Burbank representatives and a local Armenian community group are commending President Joe Biden’s recent recognition of the Armenian Genocide.
Biden’s announcement was the first made by a United States president recognizing the Ottoman Empire’s killing of an estimated 1.5 million Armenians in present-day Turkey. Last Saturday, April 24, 106 years after the genocide began, his statement was echoed by several local leaders during an event in front of Burbank City Hall.
The chapter of the Armenian National Committee of America in Burbank, which is home to a significant Armenian population, placed a genocide memorial outside the building, at which attendees could leave flowers. City hall was also lit that weekend with the red, blue and orange colors of the Armenian flag.
“This recognition ended Turkey’s grip over U.S. policy on the Armenian Genocide by ending the longest and largest foreign gag-rule in American history and elevated the U.S. response to genocide and atrocities prevention,” said ANCA Burbank Chairman Sarkis Simonian in a statement.
“With President Biden’s statement, the U.S. joins the civilized nations of the world in condemning Turkey’s crime against humanity and it made plain that truth and justice cannot be bargained away for political calculation and the appeasement of dictators.”
Many Armenians strongly believe that the modern-day Turkish government continues to target their country. The sentiment is particularly pronounced after war erupted last year between Armenia and Azerbaijan over the disputed territory of Nagorno-Karabakh. During that conflict, Turkey again provided military support to Azerbaijan.
Though Biden’s statement made no mention of Turkey, its implications for the country — which has repeatedly claimed the numbers of deaths are exaggerated and deny a genocide occurred — were clear. Many Turkish leaders quickly condemned the statement, describing it as a threat to U.S.-Turkey relations.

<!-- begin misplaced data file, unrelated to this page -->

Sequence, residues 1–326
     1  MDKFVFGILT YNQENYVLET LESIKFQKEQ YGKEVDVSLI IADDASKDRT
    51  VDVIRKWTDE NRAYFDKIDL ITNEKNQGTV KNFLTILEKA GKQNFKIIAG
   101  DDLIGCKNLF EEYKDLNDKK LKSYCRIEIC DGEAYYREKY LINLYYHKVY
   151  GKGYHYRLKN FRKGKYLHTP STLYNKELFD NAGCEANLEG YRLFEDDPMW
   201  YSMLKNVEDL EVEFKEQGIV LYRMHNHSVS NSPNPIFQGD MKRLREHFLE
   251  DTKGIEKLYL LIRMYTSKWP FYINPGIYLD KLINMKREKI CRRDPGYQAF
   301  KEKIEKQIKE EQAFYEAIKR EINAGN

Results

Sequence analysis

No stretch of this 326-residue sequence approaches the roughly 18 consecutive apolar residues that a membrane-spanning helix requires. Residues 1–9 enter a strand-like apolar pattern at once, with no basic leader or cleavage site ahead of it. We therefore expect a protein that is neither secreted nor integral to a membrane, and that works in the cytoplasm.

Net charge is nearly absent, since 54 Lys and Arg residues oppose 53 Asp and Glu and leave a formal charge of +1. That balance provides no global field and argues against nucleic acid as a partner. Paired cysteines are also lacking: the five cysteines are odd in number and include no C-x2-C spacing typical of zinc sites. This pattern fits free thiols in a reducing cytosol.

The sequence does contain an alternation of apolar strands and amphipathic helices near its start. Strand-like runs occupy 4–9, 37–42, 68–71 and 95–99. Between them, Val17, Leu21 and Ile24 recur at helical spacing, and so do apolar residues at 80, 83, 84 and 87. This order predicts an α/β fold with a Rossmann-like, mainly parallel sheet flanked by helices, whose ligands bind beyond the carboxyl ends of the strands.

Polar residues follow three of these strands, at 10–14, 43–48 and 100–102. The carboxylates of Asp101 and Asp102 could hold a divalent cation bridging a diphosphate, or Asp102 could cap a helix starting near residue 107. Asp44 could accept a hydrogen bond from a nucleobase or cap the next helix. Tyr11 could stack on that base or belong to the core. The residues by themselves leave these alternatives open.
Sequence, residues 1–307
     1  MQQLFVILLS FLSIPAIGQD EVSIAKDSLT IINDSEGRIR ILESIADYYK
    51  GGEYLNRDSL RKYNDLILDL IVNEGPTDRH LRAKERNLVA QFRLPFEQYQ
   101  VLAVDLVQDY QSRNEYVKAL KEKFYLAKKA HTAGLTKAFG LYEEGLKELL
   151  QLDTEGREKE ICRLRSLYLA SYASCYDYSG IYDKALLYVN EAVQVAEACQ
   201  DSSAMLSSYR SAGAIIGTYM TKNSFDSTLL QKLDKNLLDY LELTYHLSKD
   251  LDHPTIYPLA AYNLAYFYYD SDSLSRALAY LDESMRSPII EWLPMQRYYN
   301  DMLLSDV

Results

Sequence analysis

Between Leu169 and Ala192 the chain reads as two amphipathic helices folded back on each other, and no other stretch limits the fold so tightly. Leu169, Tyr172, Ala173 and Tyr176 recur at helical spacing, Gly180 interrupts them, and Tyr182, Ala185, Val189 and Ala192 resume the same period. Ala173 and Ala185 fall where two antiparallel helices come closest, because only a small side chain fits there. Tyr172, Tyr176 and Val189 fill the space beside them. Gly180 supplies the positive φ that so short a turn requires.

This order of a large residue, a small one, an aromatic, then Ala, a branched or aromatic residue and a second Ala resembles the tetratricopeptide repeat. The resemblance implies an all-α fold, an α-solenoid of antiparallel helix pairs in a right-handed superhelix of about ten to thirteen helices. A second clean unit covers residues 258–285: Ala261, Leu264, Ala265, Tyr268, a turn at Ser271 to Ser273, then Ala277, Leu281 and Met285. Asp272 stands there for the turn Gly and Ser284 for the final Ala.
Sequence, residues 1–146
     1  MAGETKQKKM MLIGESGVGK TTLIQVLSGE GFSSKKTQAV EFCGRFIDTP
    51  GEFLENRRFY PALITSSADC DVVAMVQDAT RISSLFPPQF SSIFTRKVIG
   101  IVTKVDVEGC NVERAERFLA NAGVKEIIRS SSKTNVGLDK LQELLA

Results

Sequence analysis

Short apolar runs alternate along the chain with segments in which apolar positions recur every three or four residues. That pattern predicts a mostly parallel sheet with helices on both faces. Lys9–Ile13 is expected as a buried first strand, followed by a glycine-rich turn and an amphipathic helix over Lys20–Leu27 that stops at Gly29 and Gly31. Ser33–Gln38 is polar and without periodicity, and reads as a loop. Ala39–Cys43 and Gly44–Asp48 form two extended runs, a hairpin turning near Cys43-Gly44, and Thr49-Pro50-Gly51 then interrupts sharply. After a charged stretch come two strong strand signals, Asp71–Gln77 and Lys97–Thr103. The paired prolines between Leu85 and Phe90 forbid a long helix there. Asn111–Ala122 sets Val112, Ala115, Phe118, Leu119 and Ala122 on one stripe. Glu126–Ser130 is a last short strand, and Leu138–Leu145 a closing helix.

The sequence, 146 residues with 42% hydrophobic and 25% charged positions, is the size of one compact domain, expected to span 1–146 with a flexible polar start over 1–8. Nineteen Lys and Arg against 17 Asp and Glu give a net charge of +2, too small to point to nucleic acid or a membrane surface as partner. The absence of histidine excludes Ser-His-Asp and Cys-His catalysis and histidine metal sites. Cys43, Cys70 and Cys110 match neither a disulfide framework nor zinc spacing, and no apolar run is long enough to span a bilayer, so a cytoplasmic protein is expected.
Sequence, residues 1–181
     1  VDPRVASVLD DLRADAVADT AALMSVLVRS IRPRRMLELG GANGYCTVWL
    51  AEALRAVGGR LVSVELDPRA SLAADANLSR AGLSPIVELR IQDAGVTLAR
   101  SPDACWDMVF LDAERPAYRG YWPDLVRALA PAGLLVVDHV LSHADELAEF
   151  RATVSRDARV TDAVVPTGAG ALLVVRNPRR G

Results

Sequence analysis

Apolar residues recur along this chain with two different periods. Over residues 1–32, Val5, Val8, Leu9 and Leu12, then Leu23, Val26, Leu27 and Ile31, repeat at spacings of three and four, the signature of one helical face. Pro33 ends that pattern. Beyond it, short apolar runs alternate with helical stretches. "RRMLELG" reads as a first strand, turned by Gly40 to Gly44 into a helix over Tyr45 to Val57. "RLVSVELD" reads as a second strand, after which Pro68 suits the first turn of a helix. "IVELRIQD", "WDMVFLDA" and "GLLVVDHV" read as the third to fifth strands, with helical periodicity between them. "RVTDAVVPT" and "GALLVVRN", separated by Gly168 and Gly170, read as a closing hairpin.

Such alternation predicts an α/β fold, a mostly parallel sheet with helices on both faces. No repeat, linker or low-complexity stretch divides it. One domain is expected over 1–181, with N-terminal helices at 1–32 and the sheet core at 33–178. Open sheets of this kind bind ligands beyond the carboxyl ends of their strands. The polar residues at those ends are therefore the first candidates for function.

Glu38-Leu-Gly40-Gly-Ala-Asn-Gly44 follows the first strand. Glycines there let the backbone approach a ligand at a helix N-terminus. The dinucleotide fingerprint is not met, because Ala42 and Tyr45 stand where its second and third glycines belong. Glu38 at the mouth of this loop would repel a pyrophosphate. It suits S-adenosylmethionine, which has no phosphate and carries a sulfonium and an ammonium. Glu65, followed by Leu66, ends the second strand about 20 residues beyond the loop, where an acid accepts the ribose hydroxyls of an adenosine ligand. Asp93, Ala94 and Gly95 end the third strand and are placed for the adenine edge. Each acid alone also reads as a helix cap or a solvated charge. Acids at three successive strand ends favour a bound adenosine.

In his statement, about 300 words in length, Biden said its recognition of the genocide was not meant “to cast blame but to ensure that what happened is never repeated.”
“Today, as we mourn what was lost, let us also turn our eyes to the future — toward the world that we wish to build for our children,” he wrote. “A world unstained by the daily evils of bigotry and intolerance, where human rights are respected, and where all people are able to pursue their lives in dignity and security.”
Locally, many of Burbank’s representatives attended the event in front of city hall. Mayor Bob Frutos, Burbank Unified School District board member Armond Aghakhanian, county Supervisor Kathryn Barger, Rep. Adam Schiff, state Assemblywoman Laura Friedman and members of local organization Burbank for Armenia spoke or visited the memorial.
Frutos, who spoke at the event alongside his fellow City Council members, thanked Schiff for his efforts to push for a national recognition of the Armenian Genocide. Schiff, who represents Burbank and other cities in California’s 28th congressional district, has urged the federal government to recognize the ethnic cleansing for decades. Both the House of Representatives and the Senate passed resolutions recognizing the genocide in 2019.
And recently, Schiff joined more than 100 members of Congress in asking Biden to acknowledge the genocide. Three days later, the president did.
“To our brothers and sisters, our mothers and fathers, our grandparents and great grandparents, in the Armenian community, let me just say how grateful I am to all of your efforts, over many decades, to bring this day about,” Schiff told attendees last Saturday.
“I’m grateful to you that you never gave up hope, that you never lost faith, that you never stopped trying … to call out the best in this country, to ask us to live up to our ideals, to be once again a champion of human rights and dignity. You have made us a better country.”